Chic African Culture Blog

Chocolate Industry Dirty Little Secret

How chocolate is killing African tropical forests so choose your chocolate candy wisely. 

The chocolate the world loves to eat, has a big secret. As global demand for chocolate explodes, despite efforts to slow tropical deforestation, the equivalent of 40 football fields of trees was lost every minute in 2017. Tropical forests are home to half the Earth's species, and their trees are an immense standing reservoir of carbon. Tropical forest trees, like all green plants, take in carbon dioxide and release oxygen during photosynthesis. Cocoa, the main ingredient in chocolate bars, has driven deforestation in West Africa.
Chocolate cake

Chocolate industry dirty little secret in Africa

Cocoa, the main ingredient in our chocolate bars
How chocolate is killing African tropical forests and who cares

Fires, droughts, and tropical storms are also playing an increasing role in forest loss, especially as climate change makes them more frequent and severe, according to the UN report. The regions that lost the most forest in 2017 were in Latin America, Southeast Asia, and Central Africa. 

Brazil is still by far the deforestation leader with 11.1 million acres or 4.5 million hectares lost in 2017, followed by the Democratic Republic of Congo with 3.7 million acres or 1.5 million hectares. Over 2 million farmers in a belt that stretches from Sierra Leone to Cameroon produce Cocoa, but Côte d’Ivoire, the former Ivory Coast, and Ghana are the giants, the world’s first and second biggest producers. 

They are also the biggest victims of deforestation behind the Democratic Republic of Congo. Côte d’Ivoire is losing its forests at a faster rate than any other African country with less than 4% of the country is covered in rainforest. With 70 percent of the world’s cocoa produced by Ghana and Côte d’Ivoire, chances are your chocolate candy snack started out as a seedpod growing on a cocoa farm in West Africa.

Dirty chocolate cocoa beans are grown when shady cocoa traders purchase beans that are illegally grown inside protected areas in Africa and, in turn, sell them to big-name candy companies. Large candy companies have come up with strategic priorities include passage of the new Forest Code, the creation of a National Forest Preservation and Rehabilitation Fund, development and implementation of the national cocoa traceability system, and implementation of pilot projects.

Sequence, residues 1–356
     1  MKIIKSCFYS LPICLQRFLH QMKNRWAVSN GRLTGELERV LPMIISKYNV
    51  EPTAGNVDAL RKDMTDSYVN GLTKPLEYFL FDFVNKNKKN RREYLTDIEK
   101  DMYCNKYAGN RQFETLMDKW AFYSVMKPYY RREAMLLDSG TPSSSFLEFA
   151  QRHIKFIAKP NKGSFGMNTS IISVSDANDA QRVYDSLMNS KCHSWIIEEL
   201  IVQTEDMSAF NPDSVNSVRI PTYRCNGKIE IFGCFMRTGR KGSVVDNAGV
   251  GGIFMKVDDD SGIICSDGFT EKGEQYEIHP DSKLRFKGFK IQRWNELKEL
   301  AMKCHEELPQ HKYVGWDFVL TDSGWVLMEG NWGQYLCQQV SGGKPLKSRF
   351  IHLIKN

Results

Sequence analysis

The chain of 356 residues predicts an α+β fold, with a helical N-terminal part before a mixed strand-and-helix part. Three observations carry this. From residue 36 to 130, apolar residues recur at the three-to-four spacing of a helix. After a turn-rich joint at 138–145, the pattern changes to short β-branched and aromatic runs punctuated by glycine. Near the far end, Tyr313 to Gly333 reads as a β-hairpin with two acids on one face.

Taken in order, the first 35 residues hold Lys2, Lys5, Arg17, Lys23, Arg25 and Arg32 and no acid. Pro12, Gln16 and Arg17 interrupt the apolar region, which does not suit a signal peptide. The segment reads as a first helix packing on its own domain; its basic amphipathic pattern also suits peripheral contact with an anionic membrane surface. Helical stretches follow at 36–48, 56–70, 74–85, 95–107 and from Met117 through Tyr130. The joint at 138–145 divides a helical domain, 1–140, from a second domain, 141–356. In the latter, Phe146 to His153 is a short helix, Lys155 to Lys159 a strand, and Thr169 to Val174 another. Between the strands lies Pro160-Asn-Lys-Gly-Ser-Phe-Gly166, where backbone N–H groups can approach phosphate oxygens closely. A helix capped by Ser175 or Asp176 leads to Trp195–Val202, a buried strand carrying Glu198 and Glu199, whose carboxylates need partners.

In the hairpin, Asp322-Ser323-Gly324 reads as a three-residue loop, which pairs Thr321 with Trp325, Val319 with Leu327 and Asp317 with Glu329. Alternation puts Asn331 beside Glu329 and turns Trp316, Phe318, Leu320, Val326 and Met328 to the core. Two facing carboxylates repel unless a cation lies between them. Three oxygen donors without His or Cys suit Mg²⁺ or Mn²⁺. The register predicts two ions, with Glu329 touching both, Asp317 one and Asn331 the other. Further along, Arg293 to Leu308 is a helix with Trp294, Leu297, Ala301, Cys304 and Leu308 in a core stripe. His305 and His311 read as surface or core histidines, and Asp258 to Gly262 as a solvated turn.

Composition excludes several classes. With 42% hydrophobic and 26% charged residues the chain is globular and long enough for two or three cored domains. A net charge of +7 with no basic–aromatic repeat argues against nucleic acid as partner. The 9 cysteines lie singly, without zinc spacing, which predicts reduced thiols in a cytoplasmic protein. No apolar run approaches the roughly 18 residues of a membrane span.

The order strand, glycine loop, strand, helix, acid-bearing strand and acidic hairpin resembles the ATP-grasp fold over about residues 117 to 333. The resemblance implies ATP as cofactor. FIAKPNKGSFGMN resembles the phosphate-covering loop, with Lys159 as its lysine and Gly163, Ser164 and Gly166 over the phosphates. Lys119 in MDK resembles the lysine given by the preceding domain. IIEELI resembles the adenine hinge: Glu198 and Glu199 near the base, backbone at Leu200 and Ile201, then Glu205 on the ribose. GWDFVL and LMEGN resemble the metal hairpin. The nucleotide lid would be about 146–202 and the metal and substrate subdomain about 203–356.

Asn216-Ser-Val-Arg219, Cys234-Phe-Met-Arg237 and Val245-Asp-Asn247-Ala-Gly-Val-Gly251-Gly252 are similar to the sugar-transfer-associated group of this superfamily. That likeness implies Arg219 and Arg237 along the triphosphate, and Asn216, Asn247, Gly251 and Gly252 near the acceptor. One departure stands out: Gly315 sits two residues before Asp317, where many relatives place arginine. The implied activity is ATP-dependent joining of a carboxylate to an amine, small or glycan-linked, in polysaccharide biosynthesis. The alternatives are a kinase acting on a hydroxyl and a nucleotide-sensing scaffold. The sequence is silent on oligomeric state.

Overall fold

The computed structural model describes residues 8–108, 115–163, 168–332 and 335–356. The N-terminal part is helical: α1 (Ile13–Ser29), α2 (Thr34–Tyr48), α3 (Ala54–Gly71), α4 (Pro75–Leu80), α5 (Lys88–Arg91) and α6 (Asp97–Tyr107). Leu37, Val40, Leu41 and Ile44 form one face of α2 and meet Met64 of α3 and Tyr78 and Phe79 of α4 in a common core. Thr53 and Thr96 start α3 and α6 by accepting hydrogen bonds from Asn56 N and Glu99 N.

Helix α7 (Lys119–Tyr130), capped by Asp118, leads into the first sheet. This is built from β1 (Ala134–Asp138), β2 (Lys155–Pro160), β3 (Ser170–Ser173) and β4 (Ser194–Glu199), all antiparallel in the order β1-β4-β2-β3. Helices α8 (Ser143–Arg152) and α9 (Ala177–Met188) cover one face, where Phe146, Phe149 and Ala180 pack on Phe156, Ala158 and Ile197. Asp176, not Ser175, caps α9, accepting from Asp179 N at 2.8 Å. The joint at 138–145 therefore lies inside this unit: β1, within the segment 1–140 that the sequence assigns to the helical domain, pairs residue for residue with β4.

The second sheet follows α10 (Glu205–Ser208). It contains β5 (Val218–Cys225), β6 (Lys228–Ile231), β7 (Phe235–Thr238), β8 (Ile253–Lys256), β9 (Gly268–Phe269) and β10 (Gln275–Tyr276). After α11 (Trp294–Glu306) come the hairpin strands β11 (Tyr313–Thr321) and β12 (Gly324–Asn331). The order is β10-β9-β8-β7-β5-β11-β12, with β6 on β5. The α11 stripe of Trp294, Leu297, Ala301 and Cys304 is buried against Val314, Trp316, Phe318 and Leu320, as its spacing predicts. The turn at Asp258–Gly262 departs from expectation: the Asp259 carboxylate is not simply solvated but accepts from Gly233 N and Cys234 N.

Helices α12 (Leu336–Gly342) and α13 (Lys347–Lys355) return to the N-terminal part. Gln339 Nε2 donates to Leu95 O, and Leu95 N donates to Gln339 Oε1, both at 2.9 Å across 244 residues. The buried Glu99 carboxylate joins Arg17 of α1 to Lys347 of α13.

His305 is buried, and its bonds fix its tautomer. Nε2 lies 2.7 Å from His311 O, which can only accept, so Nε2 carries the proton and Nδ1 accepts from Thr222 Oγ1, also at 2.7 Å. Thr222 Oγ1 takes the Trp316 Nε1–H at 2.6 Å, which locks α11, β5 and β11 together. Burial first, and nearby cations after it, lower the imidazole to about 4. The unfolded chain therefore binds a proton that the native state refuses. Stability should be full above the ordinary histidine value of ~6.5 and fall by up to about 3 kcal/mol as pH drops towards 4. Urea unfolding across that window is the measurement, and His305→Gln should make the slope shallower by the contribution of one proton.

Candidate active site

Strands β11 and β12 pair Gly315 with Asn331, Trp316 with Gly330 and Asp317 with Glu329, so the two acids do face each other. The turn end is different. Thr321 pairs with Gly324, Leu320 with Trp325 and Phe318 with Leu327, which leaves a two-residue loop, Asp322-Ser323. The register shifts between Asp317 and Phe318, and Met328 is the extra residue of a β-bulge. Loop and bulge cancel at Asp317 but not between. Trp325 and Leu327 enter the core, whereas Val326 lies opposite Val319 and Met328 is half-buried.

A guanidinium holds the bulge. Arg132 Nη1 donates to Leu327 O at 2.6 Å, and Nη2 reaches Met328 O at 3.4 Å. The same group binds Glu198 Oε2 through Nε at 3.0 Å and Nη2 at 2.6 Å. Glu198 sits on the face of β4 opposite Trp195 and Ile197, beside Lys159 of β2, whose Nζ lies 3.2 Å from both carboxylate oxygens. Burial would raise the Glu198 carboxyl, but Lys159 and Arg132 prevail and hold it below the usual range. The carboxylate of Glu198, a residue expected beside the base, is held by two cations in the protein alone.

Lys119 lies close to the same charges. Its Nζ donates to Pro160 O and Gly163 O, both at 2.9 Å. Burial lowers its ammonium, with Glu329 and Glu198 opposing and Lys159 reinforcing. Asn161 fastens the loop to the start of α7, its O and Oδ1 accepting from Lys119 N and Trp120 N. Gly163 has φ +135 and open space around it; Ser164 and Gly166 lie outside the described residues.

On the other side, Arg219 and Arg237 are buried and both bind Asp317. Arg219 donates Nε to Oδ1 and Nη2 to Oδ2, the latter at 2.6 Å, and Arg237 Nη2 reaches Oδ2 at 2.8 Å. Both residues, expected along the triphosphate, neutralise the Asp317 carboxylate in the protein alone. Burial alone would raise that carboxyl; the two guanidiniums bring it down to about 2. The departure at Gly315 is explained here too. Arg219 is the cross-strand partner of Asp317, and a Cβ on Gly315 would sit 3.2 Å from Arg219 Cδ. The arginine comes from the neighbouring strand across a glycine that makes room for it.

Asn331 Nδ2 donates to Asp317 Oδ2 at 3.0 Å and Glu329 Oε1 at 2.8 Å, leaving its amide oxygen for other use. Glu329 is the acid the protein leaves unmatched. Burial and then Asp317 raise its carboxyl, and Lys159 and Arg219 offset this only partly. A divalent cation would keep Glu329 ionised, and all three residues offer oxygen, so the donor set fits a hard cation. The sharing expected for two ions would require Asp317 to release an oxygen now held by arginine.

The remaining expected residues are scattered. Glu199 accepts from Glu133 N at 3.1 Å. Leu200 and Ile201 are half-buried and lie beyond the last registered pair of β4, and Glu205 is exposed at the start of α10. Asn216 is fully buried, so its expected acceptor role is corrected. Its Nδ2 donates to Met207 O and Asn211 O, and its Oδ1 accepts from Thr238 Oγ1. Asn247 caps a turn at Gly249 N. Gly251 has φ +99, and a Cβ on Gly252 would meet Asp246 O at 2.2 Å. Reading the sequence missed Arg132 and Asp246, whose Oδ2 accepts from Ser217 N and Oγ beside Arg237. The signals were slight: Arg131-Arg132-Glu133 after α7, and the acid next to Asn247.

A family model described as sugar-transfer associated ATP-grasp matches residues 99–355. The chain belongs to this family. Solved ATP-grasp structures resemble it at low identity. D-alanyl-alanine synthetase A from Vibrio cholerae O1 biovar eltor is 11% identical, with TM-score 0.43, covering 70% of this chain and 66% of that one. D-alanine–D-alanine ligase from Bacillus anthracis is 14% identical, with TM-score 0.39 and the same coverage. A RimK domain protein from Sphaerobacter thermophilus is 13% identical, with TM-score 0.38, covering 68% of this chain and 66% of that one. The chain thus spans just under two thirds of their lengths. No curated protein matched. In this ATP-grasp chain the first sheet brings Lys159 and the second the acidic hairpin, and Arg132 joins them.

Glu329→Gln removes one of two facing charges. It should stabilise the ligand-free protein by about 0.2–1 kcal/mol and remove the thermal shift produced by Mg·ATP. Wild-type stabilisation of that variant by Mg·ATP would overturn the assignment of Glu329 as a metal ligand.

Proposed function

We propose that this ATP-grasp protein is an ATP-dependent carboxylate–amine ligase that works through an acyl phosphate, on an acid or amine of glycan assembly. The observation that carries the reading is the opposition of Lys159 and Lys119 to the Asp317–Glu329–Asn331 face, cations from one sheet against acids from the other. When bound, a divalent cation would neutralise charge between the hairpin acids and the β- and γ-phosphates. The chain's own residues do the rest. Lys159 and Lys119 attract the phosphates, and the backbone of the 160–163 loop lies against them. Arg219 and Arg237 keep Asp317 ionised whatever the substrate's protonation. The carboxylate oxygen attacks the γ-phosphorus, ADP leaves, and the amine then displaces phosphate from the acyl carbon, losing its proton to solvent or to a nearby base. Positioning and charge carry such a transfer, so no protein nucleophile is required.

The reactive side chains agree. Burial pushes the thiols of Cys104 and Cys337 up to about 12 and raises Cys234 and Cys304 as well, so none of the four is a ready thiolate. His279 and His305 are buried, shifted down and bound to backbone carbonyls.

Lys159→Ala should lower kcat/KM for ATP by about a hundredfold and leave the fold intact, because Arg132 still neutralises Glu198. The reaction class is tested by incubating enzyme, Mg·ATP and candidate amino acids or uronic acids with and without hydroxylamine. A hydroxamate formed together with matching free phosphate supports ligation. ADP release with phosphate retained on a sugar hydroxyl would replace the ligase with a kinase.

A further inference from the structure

While destroying forests releases huge volumes of carbon dioxide, growing forests capture it from the atmosphere, making forest protection one of the keys to limiting climate change. Moreover, since tropical forests grow year-round, they are especially important. 

For forest protection, the initial company plans include specific measures for achieving 100% traceability in their direct supply chains, mapping the GPS location of 1 million farms, and conducting deforestation risk assessments near protected areas. 

In addition, the companies will distribute and plant 12.6 million native trees for forest restoration and cocoa agroforestry, develop 400,000 hectares of cocoa agroforestry, and sign contracts for payments for environmental services with 215,000 farmers. 

Summary of the issue: The chocolate the world loves to eat, has a big secret causing African deforestation of tropical forests affected by big Chocolate companies using dirty chocolate cocoa beans grown illegally inside protected areas in Africa. African deforestation of tropical forests is caused in part by big chocolate companies. Deforestation drives climate change. Deforestation is the permanent destruction of forests; choose your chocolate candy wisely.

More economical easy breakfast, lunch and dinner recipes to make right now so you never have to eat or prepare a boring meal again.

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  3. Senegalese Chicken Vermicelli
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  5. Cameroon Smoked Bonga Fish Stew

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Being African in America I have grown up learning about different ethnic cultures. My father and mother are historians of African culture and history and their influence expanded my activities to several best-selling cookbooks, magazine columns, self-branded products, and a popular African culture and food blog.

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